Singing is such a powerful tool to accelerate learning and reinforce musical concepts in piano lessons, and yet I don't recall any of my teachers singing at piano lessons, and I'm pretty sure they never asked me to do it.  Honestly, I used to be a little hesitant to do it myself with my students, because although I can sing on pitch and have sung in multiple choirs, I'd rather be the one hiding behind the keys than belting out a vocal solo.  But the past few years, I've stretched outside my comfort zone and asked my students to do a little stretching as well.  This series of posts will  highlight different resources and methods of using singing to accelerate learning during piano lessons.

Friday, May 9, 2014

Wednesday, May 7, 2014

Piano Tracking Power

I love checklists.  I also like the positive power of a little competition.  So recently I came up with a little Piano Point Competition to help my students intensify their focus during home practice to prepare for an upcoming festival and recital. I wanted something...
  • Motivating
  • Competitive
  • Practical
  • Specific
  • Adaptable
I modeled my incentive after a 22 day wellness challenge that I recently completed that was super motivating for me to jumpstart my efforts to live a more healthy well-balanced life.   I was amazed at how motivating the simple tool of daily tracking was for me to boost my discipline.  And I have to admit that a little competition really works wonders for me!  As the results are coming in, I'm seeing that it is a great motivator for some of my students as well.  Following is a snapshot of the tracking sheet.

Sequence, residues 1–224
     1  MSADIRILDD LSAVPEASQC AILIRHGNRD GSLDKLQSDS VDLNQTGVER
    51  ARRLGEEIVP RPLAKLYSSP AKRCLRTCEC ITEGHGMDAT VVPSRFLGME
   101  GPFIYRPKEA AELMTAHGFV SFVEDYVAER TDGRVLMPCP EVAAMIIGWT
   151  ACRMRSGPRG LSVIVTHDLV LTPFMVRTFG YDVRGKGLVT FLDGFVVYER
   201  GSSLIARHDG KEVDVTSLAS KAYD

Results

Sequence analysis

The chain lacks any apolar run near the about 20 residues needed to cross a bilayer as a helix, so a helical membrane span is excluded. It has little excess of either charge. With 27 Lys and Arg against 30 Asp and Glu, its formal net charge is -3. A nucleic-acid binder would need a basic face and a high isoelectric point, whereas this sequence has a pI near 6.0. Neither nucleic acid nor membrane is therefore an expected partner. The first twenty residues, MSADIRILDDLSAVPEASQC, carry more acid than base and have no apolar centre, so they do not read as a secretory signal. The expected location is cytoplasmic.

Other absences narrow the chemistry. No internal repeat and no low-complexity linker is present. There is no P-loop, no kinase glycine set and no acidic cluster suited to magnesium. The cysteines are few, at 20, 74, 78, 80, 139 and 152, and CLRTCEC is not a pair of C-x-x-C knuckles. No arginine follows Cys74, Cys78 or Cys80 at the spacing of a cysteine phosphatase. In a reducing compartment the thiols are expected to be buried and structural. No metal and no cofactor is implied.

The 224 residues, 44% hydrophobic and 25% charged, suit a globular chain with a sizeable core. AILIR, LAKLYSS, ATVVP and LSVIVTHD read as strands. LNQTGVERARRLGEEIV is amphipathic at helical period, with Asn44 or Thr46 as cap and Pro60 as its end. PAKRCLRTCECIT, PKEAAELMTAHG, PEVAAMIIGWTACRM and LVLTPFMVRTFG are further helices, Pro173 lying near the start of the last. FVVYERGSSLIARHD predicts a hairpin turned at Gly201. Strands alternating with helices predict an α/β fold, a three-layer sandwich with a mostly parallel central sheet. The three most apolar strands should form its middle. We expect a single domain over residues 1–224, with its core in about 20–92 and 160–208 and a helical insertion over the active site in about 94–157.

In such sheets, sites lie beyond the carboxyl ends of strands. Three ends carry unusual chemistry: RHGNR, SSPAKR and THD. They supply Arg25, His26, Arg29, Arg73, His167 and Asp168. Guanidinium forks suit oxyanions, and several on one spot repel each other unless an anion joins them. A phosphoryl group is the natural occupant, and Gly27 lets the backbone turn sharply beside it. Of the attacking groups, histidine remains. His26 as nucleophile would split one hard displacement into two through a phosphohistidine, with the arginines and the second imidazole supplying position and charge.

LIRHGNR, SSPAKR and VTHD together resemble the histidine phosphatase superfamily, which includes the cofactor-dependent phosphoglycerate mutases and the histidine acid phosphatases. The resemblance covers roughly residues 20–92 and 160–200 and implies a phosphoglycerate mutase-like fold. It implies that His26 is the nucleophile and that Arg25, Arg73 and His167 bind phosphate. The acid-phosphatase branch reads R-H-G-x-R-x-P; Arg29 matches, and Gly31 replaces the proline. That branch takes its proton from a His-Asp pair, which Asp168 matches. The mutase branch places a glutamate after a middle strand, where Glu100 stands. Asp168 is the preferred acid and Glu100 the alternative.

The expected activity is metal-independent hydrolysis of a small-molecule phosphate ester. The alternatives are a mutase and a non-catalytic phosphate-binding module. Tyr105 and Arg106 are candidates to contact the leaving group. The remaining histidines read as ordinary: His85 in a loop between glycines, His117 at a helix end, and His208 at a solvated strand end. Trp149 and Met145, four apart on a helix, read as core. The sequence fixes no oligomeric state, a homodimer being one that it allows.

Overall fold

Sunday, May 4, 2014

22 Days of Wellness

This wellness competition was the inspiration for my recent studio practice competition which you can read more about here.

22 Days of Wellness

I am not a fitness buff.  In fact I really despise exercise and am only consistent because I have a great friend who comes to my house 5 days a week who I love to socialize with and get some early morning inspiring conversation as we do our "Walk away the pounds" video.